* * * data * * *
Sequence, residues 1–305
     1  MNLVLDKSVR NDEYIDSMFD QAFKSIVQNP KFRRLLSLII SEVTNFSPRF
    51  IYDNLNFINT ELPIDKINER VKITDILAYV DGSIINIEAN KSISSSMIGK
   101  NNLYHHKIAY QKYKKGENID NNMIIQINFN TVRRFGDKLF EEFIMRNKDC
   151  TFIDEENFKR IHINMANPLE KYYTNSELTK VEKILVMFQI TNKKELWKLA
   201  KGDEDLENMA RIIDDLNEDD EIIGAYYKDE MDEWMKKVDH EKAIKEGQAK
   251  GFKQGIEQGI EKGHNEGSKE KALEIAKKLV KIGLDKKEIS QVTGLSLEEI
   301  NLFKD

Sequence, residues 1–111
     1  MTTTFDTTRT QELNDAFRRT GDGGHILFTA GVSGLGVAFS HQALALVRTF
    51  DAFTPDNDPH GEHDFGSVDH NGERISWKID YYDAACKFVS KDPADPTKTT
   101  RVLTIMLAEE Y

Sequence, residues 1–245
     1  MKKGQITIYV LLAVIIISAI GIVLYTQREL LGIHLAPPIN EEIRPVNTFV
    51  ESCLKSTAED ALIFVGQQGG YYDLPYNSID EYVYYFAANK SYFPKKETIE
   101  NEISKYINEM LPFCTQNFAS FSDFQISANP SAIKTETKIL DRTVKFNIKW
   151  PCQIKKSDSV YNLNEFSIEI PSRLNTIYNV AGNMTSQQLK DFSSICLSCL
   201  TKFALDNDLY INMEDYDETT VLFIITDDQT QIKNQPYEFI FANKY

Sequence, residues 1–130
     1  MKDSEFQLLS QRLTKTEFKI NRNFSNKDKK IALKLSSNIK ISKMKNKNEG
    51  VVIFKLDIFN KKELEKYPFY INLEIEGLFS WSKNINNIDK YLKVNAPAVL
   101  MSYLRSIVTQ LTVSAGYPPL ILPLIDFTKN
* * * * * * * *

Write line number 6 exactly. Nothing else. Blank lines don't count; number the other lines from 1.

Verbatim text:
   201  KGDEDLENMA RIIDDLNEDD EIIGAYYKDE MDEWMKKVDH EKAIKEGQAK